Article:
Mathematics Stack Exchange is a question and answer site for people studying math at any level and professionals in related fields. Join them; it only takes a minute:

Sign up
Here's how it works:
  1. Anybody can ask a question
  2. Anybody can answer
  3. The best answers are voted up and rise to the top

Let $f:X\to Y$ be a morphism of schemes, and $a:F\to G$ a morphism of coherent sheaves on $X$, with image $Im(a)=E\subseteq G$. I am trying to understand under which conditions one has $$f_\ast(Im(a))=Im(f_\ast a).$$

First of all, the displayed formula does not always hold: e.g. take any surjective $a$ such that $f_\ast a$ is not surjective.

[Aside. In the situation I am dealing with, I have the condition $R^1f_\ast(E)=0$ but, sadly, I do not believe it helps.]

Instead, if $K=\ker\,(F\twoheadrightarrow E)$, the condition $R^1f_\ast K=0$ might help, I guess. I try to explain why: by factoring $a$ through the image, we can write it as $F\to E\hookrightarrow G$, so we have $$Im\,(f_\ast F\overset{f_\ast a}{\longrightarrow}f_\ast G)=Im\,(f_\ast F\to f_\ast E\hookrightarrow f_\ast G),$$ and this equals $f_\ast E$ when $f_\ast F\to f_\ast E$ stays surjective, i.e. $R^1f_\ast K=0$.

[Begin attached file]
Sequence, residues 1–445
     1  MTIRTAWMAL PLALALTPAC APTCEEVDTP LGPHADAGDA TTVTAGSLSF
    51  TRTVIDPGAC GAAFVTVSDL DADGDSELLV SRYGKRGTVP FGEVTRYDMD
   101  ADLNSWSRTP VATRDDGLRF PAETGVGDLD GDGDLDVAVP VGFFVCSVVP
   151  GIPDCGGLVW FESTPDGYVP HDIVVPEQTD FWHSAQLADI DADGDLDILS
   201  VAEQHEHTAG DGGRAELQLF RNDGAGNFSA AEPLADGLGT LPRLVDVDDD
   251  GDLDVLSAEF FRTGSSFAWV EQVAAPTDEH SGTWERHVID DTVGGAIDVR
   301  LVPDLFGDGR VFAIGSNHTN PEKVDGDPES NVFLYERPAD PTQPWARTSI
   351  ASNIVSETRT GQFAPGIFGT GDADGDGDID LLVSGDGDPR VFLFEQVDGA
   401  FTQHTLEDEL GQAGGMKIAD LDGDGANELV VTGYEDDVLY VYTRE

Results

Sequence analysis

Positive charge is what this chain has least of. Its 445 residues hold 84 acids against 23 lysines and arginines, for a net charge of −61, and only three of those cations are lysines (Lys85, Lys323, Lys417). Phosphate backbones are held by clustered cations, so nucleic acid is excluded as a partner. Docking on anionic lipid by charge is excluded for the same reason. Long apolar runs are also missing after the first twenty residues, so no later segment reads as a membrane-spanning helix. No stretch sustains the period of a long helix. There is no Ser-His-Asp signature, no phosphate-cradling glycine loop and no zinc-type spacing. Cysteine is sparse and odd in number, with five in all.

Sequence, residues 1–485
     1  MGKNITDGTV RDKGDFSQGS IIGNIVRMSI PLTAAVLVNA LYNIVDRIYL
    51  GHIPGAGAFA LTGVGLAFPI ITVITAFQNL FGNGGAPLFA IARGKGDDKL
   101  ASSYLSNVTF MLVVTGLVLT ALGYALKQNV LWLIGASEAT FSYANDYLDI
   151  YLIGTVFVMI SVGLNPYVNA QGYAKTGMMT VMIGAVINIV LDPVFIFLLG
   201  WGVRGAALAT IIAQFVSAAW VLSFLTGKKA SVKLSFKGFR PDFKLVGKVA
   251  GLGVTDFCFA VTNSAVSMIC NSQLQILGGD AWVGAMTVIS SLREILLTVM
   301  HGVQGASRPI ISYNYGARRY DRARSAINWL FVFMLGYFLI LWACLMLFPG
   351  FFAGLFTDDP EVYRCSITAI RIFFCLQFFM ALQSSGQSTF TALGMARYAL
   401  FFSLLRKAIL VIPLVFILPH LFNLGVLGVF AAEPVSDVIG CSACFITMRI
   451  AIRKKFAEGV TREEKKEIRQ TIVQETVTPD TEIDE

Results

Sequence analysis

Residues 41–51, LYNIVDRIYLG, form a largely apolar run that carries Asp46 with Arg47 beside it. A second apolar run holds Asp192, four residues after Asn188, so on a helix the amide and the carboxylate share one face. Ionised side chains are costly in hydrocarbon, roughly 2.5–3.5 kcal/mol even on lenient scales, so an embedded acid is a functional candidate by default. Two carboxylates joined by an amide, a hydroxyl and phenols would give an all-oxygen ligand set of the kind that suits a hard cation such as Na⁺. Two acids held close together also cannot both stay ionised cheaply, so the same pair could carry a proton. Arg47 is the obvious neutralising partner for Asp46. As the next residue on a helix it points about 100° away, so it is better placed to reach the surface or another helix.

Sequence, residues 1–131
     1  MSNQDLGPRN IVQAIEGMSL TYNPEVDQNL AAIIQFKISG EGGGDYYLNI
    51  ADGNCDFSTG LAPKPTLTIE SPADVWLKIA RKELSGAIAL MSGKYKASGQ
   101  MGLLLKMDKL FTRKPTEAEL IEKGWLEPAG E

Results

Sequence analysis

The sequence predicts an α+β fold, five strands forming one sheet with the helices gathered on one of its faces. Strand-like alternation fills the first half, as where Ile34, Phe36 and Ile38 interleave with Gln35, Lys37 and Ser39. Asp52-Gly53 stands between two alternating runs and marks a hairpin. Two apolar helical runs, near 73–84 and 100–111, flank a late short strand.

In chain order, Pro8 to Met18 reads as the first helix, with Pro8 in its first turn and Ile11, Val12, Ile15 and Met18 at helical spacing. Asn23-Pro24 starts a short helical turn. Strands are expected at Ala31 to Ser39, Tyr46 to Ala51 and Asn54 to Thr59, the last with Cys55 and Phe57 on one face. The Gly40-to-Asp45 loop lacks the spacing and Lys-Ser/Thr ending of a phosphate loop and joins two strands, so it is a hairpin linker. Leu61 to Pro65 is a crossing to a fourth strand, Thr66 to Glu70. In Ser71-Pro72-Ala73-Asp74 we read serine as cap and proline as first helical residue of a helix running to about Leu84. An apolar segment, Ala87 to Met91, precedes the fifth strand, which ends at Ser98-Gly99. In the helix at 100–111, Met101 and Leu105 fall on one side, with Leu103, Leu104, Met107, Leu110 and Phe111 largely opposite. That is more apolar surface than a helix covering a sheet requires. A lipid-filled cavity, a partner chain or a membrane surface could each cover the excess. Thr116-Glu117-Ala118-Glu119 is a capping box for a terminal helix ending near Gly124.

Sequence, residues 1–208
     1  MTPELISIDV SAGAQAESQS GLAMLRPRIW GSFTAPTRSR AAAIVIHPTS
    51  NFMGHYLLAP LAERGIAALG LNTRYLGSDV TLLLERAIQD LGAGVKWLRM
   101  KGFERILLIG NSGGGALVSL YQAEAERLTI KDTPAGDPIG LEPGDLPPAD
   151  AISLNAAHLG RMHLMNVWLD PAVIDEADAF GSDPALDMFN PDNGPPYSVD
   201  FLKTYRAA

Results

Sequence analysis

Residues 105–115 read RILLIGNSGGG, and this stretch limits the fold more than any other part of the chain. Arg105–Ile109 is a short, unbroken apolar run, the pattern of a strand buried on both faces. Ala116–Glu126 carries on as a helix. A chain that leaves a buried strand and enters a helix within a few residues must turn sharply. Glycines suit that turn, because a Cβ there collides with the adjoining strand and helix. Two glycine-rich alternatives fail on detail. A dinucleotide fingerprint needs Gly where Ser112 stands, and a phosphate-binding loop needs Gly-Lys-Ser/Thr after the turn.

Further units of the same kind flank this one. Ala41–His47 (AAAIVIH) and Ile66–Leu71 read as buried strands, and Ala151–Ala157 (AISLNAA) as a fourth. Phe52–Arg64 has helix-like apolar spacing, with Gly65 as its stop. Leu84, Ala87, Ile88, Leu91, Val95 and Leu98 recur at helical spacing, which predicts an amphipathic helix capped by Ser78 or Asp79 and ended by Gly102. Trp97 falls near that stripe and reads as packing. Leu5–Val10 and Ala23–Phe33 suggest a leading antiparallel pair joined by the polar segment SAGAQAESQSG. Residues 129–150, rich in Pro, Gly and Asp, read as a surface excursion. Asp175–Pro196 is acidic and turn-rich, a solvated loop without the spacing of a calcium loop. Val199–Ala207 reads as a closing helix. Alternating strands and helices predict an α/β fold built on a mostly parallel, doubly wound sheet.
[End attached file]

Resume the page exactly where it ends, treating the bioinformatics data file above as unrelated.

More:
I would like to know how much of the above is correct. I can summarize everything in the question:

Given a morhism $a:F\to G$ and the exact sequence $0\to K\to F\to E=Im(a)\to 0$, is it true that $f_\ast E=Im(f_\ast a)$ if and only if $R^1f_\ast K=0$?

Thank you for any help with this.

share|cite|improve this question
Taking the cohomology of $0\to K\to F\to E$, you can see that $f_*(E)/Im(f_*a)$ is the kernel of $R^1f_*K \to R^1f_*F$. – Cantlog Oct 16 '13 at 14:15
So, if $R^1f_\ast K=0$ then $f_\ast E=Im(f_\ast a)$, but not conversely? – Brenin Oct 17 '13 at 7:27
@Brenin: this is an equivalence if $R^1f_*F=0$. – Cantlog Oct 17 '13 at 10:51
@JeskoHüttenhain: my comment does not fully answer the question. It would need an example showing that $R^1f_*K=0$ is not a necessary condition. – Cantlog Oct 17 '13 at 10:56
Ah, jesus, I mixed up $F$ and $E$. I'll remove my comment. – Jesko Hüttenhain Oct 17 '13 at 11:11

Your Answer


By posting your answer, you agree to the privacy policy and terms of service.

Browse other questions tagged or ask your own question.